HPV is more likely to spread if the skin is wet, soft or has been in contact with a rough surface.
Warts can also be spread to other parts of your own body. For example, you can spread the virus if you:
This can cause the wart to break up and bleed, making it easier for the virus to spread. People with scratches or cuts on the soles of their feet are particularly vulnerable.
Warts can also be spread through contact with contaminated surfaces. Examples of possible contaminated surfaces include:
Your GP will be able to diagnose the type of wart that you have based on:
Due to their distinctive appearance, warts and verrucas are usually easy to identify through a visual examination of the affected area. Your GP will consider the following when they examine your wart:
Your GP may gently cut away the surface of the wart to reveal a small black dot in the centre. If this is present, it will confirm that you have a verruca (plantar wart).
If you have a partner, your GP may ask you whether they also have warts, or whether any other members of your family have them.
Ruling out other conditions
By carrying out a thorough examination of your wart, your GP will also be able to consider any other possible causes and rule out any underlying conditions. Some of these are outlined below.
Referral to a specialist
If your GP is concerned about your wart after carrying out an examination, they may refer you to a skin specialist (dermatologist) who will be able to assess your wart and confirm a diagnosis. However, in most cases, referral to a dermatologist is not necessary.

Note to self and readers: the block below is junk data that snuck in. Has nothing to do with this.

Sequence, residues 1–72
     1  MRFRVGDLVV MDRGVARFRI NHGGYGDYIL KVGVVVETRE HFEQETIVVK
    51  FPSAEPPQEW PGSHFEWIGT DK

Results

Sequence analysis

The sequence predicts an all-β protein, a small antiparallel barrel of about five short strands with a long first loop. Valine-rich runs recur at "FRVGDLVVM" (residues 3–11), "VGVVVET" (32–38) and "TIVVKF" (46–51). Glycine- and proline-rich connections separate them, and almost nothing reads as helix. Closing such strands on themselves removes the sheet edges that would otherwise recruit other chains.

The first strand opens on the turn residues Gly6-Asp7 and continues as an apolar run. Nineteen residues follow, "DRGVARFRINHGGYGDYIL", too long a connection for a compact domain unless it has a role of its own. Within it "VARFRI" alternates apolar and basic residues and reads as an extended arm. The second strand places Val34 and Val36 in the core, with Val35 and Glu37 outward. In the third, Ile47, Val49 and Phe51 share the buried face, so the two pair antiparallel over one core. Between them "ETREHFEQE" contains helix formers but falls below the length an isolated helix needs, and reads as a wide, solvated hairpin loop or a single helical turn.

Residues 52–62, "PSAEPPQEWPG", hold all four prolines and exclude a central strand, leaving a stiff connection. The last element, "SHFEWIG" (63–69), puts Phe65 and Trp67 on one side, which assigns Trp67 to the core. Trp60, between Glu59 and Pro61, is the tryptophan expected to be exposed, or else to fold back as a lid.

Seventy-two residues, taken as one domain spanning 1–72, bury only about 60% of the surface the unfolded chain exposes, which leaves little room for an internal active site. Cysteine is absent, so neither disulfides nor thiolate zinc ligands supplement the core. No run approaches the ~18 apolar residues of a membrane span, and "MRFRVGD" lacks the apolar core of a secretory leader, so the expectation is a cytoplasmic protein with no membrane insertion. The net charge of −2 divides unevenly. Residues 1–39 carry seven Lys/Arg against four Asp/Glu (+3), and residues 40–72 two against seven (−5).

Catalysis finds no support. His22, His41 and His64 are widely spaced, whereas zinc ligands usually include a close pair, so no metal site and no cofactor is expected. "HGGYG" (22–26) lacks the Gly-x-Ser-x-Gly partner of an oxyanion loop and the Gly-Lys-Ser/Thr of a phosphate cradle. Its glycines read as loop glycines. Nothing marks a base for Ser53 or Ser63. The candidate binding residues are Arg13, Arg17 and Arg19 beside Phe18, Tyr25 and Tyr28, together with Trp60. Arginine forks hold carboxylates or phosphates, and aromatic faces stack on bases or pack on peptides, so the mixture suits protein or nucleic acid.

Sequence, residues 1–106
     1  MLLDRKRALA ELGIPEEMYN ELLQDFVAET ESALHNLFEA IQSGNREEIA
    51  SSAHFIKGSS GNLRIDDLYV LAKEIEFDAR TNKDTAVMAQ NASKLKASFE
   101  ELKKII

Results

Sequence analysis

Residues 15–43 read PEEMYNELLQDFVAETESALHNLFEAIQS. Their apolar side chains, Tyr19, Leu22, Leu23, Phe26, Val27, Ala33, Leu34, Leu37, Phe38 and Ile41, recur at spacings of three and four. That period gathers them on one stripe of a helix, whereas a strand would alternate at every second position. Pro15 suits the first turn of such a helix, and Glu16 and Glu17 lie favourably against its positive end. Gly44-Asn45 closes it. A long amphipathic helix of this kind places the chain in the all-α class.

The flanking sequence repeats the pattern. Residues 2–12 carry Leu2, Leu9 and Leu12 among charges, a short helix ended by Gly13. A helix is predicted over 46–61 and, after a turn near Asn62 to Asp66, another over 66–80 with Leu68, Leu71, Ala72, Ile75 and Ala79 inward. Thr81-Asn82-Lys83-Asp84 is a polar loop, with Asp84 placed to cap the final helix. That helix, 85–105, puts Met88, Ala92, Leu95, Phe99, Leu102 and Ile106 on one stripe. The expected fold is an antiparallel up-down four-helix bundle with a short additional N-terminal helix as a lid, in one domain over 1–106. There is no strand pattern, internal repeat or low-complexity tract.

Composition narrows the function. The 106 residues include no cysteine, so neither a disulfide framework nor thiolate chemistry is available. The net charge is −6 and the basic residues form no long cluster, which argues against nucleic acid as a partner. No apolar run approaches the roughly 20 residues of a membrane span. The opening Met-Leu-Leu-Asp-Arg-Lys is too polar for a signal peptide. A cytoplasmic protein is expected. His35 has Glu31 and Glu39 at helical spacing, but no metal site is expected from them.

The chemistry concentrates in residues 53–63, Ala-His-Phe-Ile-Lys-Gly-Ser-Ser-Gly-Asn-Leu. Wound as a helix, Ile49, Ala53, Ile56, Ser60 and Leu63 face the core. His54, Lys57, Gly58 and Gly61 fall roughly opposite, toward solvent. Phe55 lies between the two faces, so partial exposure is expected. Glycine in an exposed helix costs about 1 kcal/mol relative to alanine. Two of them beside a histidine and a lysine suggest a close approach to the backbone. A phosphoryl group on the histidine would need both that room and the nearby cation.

Most warts clear up without treatment. However, the time it takes for a wart to disappear will vary from person to person. For example, warts may last longer in older children and adults.
Without treatment, warts usually clear up within two years, although some can take longer to go. It is also possible for warts to clear up without treatment within a few weeks, although this is less common.
Several types of treatment that may help clear warts more quickly are available. However, some treatments can be painful, and there is no guarantee that the warts will not come back again. Treatment can sometimes cause side effects including:
Treatment options for warts depend on their location and how many there are.
Many over-the-counter (OTC) treatments, such as creams, gels, paints and medicated plasters, are available from pharmacies. The active ingredient in most of these treatments is salicylic acid. In two thirds of cases of warts, research has shown that they clear up within 12 weeks of treatment with salicylic acid.
Salicylic acid and other wart treatments also destroy healthy skin, so it is important to protect your skin before applying the treatment. Use petroleum jelly or a corn plaster to cover your skin around the wart.
Soak the wart in water for about five minutes, and then follow the instructions on the packet to apply the medication. Some GPs recommend putting a plaster on the wart after you have applied the medication.
Rub the dead tissue off the wart once a week, using a pumice stone or emery board (do not share these with anyone else).
You may need to apply the treatment daily for up to 12 weeks, or longer. Stop the treatment if your skin becomes sore.
For warts on your face, avoid treatments containing salicylic acid and seek your GP’s advice about treatment.
If you have poor circulation (for example, if you have a condition such as diabetes or peripheral vascular disease) you should seek your GP’s advice before using over-the-counter treatments containing salicylic acid. This is because there is an increased risk of damage to your skin, nerves and tendons.
Treatment with duct tape
There is limited evidence to support the effectiveness of treatment with duct tape. Side effects are uncommon. However, using duct tape on the face is not recommended because it can irritate your skin.